In my opinion, range anxiety is the single biggest obstacle in the way of widespread consumer acceptance of battery electric vehicles. Every EV at any price can carry only a finite amount of energy and will consume it at a (highly variable) rate dependent on its size, weight, feature content, load, operating efficiency, weather and, yes, operator skill.
Our original EV1 carried 16 kilowatt-hours (kWH) of energy – roughly half-a-gallon of gasoline – in a large, 1170-lb. T-shaped pack of 27 PbA batteries that ran down the wide center console and behind its two bucket seats. Given that an electric propulsion system is about three times as efficient as a typical internal combustion engine (ICE) powertrain, you could think of that gasoline equivalent as more like 1.5 gal.
How far will your car go on 1.5 gallons? To achieve a reliable real-world range of even 60-70 miles, our EV1 was designed and built from the tire patches up to be the most energy efficient practical vehicle that ever rolled down the road. Some skilled drivers could feather-foot 90, or even 100, miles out of one on flat surface streets on a warm day. Our optional '99-model NiMH pack could virtually double that.
We know that today's li-ion batteries should pack nearly twice the energy of NiMH and quadruple that of PbA. But they are still fairly large, bulky and heavy and will likely be much more expensive. EV makers, as always, will face the decision of how much to carry on board -- how much cost, weight and packaging will be needed to achieve how much on-board energy?
Battery EV owners will have to fully understand how to operate within their vehicles' real-world range, which will vary with conditions, each day, and exactly where and when they can recharge. As the infrastructure grows (with heavy taxpayer, utility and maybe automaker investment), recharging at work should be possible for some, and large shopping and dining areas should offer public charging. But they won't drive them cross-country any time soon.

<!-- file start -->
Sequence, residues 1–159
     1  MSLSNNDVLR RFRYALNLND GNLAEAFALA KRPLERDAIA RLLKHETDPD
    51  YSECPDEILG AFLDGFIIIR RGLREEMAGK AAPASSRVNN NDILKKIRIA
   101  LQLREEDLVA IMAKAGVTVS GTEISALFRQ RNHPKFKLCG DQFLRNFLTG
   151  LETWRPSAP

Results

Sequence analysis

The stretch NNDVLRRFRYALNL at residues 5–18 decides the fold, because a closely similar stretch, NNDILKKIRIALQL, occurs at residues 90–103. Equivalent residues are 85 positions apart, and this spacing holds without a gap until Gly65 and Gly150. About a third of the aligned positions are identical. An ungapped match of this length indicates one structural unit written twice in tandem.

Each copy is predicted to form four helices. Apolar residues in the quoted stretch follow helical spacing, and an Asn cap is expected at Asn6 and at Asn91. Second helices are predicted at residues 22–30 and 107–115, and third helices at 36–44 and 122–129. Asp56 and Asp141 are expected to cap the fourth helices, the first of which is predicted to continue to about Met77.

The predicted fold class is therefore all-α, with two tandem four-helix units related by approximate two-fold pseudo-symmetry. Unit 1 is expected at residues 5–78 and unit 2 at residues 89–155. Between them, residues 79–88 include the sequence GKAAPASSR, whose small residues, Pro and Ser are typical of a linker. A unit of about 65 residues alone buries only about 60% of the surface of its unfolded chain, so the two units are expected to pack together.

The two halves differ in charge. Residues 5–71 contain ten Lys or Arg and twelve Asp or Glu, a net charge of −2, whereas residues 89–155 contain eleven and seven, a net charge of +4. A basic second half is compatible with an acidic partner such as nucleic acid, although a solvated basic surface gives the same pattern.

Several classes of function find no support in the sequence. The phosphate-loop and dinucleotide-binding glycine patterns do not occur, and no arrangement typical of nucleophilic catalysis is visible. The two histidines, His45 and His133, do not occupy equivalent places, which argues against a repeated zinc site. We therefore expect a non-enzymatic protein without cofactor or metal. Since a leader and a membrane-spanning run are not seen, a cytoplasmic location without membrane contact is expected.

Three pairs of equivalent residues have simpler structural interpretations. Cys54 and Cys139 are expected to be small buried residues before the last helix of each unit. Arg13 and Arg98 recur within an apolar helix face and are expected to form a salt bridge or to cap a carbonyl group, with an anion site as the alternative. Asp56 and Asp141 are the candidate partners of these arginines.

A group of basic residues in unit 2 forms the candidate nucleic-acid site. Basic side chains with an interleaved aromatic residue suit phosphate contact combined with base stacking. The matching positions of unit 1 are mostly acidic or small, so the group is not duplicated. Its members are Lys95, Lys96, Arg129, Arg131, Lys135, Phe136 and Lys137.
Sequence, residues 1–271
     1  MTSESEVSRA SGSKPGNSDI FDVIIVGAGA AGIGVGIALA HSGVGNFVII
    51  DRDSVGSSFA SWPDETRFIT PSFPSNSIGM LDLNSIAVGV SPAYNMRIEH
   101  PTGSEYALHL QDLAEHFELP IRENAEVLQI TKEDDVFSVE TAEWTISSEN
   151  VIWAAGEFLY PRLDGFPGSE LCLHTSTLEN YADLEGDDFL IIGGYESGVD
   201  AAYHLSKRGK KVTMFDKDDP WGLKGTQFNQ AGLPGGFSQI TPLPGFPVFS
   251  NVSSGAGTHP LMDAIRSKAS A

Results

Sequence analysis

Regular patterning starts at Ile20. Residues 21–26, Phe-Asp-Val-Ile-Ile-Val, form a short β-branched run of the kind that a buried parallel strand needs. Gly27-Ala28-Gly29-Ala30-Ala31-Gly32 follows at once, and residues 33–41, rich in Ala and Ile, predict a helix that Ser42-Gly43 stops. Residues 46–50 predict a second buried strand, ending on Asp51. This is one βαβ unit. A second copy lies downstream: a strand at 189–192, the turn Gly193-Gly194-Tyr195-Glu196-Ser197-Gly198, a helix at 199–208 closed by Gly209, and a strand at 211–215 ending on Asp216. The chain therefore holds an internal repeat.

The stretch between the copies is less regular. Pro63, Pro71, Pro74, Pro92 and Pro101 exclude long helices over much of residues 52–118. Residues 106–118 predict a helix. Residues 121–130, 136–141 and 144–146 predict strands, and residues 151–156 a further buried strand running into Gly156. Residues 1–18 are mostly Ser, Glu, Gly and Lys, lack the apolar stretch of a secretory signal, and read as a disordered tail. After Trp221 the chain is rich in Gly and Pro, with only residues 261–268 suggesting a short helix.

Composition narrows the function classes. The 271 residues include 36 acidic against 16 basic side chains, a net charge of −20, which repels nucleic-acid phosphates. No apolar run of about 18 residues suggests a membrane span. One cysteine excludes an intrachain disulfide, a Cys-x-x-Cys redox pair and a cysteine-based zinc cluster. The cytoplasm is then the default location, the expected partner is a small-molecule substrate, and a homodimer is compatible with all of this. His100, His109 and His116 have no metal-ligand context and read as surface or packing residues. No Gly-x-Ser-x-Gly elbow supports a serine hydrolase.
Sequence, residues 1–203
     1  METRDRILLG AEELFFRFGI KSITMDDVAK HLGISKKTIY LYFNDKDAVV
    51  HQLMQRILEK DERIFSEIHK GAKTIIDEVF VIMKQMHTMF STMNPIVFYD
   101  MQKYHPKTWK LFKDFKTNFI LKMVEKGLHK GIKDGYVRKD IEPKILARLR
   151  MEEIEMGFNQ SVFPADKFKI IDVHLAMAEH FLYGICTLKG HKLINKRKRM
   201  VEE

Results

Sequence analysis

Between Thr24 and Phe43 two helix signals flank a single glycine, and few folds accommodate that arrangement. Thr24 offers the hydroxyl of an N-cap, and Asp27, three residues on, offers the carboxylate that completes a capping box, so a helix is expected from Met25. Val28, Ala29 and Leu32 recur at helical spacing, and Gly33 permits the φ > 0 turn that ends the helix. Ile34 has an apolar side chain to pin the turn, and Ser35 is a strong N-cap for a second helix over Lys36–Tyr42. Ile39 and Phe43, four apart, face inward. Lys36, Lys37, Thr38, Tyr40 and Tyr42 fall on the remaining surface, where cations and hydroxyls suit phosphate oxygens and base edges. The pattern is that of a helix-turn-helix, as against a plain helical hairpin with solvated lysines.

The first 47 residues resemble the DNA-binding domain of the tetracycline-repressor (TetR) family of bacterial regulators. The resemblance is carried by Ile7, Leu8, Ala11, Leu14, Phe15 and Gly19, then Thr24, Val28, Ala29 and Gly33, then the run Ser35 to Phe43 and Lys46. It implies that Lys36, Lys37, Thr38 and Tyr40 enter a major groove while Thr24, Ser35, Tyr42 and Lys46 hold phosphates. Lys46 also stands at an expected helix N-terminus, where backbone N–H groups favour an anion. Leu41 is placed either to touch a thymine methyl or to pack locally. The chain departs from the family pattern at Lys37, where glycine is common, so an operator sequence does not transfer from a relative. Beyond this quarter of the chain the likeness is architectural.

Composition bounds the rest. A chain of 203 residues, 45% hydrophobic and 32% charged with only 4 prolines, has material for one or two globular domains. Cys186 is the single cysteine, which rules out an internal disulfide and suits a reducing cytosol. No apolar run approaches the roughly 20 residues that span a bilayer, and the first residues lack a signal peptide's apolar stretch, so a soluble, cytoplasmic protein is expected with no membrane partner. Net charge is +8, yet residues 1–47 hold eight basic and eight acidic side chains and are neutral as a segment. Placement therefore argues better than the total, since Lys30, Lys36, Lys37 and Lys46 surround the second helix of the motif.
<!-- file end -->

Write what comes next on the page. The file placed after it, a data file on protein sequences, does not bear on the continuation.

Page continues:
One well-proven (but expensive) way to eliminate range anxiety is to marry an ICE to the electric motor through a complex control and transmission system. This is the essence of Toyota's and Ford's parallel hybrid systems. Another is to add a smaller, lighter ICE for range-extending battery charging only. This is GM's (also expensive) series-hybrid Voltec (neé E-Flex) system everyone hopes will be available in the 2011 Chevy Volt and, in time, other GM cars.
GM says the Volt's li-ion pack will carry 16 kWH, exactly the same as our original '97 EV1's PbA pack, but will be much smaller and about a third the weight. And, because the Volt will be a practical four-seater, necessarily heavier and less efficient than the EV1, that energy will propel it only about 40 miles on a charge. Then that very efficient little ICE will crank up to help complete the trip, no matter how far. What range anxiety?